The audacious Ja Morant recently told Taylor Rooks of Bleacher Report that he would have “cooked” Michael Jordan if they played 1 on 1. He’s right — in his own mind. And that’s what matters most.
Why do sports fans get so riled up when a player says that he (or she) would be able to compete with the very best of previous generations? Isn’t that the point — to possess a level of confidence that is unconquerable, a desire for greatness that is unquenchable? The metaphorical mountaintop is a constant pursuit for those truly striving for the pinnacle of their respective field … and in professional basketball, Michael Jordan is the mountaintop.
So of course, Ja Morant told Bleacher Report’s Taylor Rooks he would “cook” Michael Jordan in 1-on-1. Because he would, in the realm of the mind of Ja Morant, absolutely destroy the Greatest Of All Time (to many) and make it clear that it is “12” that is “him”, not Jordan.
Michael Jordan is deified in most basketball circles, and mostly for good reason. Personality “quirks” aside, to watch Jordan compete at the highest capacity in terms of combining talent and tenacity was a sight to behold. He was so dominant, and so respected for his mental and physical abilities on the floor, that for a strong minority of basketball fans simply suggesting that LeBron James may have surpassed Jordan in terms of “GOAT” status is offensive.
If a megastar like LeBron can’t get respect when compared to MJ, surely the young Ja Morant shouldn’t even be in the same arena of public discourse.
If Ja Morant believes he could beat Michael Jordan, that’s all that matters
Except he is. Because he wants to be — bearing the same brashness and confidence that Jordan himself wielded like an flaming sword at his peak. And whether you like it or not, or if he is doing so “too soon” for your liking, it is irrelevant.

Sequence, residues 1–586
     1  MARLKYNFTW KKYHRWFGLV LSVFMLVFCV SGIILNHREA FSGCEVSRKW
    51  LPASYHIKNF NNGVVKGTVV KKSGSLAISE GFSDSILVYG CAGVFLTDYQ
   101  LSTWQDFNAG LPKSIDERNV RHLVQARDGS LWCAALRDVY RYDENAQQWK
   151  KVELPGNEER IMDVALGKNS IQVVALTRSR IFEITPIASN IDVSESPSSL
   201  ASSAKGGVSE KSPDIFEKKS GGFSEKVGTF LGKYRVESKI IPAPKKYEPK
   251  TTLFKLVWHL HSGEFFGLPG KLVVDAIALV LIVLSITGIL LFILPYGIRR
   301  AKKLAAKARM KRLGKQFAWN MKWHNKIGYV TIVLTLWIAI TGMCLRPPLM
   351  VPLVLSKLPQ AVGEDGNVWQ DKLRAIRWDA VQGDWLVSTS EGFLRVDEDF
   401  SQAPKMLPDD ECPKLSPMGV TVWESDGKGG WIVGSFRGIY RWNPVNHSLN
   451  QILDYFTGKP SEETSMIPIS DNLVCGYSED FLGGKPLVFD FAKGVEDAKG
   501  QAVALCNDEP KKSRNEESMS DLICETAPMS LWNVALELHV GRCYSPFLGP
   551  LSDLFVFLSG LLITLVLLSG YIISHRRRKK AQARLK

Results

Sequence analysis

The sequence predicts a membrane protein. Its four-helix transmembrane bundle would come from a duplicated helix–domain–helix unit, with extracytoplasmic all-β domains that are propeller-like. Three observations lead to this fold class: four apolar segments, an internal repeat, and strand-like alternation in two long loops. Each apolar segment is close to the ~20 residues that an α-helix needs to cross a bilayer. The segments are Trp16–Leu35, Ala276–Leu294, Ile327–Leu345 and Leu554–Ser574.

Ja Morant believes it. That is all that matters to Ja Morant.
It’s meant as a compliment. Morant’s relentless self-reliance is a major part of why he just signed the largest contract in Memphis Grizzlies history. It is why he went from AAU tournament-side gyms and Murray State to dominating the eventual NBA Champion Golden State Warriors before he got injured (38.3 points, 8.3 assists, 6.7 rebounds in three games against Golden State) as the NBA’s Most Improved Player and a Second Team All-NBA selection in his third season in the NBA. He possesses elite athletic ability, an underrated skill set as a dribbler, and remarkable vision as a passer.
But perhaps his greatest gift is the reality that even when no one else thought he could be what he has become, he did. Ja Morant is the peak of this generation of NBA players when it comes to the chip-on-the-shoulder mentality. He was given nothing. He has taken everything.
So, if given the chance, would he take the throne from the NBA’s all-time king?
Absolutely. At least, to Ja Morant.
That is what makes him great. And what will lead him — and his Memphis Grizzlies — to unprecedented success.